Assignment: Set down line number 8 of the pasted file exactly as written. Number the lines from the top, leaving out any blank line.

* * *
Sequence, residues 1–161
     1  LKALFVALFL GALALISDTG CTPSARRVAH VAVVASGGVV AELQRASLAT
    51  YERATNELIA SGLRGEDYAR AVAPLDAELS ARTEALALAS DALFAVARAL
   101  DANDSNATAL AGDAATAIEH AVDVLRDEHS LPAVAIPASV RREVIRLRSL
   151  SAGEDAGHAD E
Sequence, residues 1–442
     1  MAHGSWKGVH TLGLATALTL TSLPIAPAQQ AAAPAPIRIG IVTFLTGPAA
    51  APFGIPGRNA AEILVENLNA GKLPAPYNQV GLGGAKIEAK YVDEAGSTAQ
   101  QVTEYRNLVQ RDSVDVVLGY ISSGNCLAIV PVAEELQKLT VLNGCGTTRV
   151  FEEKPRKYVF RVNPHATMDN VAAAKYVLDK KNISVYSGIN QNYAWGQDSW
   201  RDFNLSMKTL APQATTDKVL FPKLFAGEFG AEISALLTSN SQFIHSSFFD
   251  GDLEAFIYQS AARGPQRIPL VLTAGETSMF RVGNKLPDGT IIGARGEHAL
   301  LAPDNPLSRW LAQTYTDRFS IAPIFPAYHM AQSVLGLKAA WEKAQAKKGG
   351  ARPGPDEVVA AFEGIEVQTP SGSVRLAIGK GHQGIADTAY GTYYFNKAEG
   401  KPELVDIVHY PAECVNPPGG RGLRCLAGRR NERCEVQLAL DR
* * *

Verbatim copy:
    51  APFGIPGRNA AEILVENLNA GKLPAPYNQV GLGGAKIEAK YVDEAGSTAQ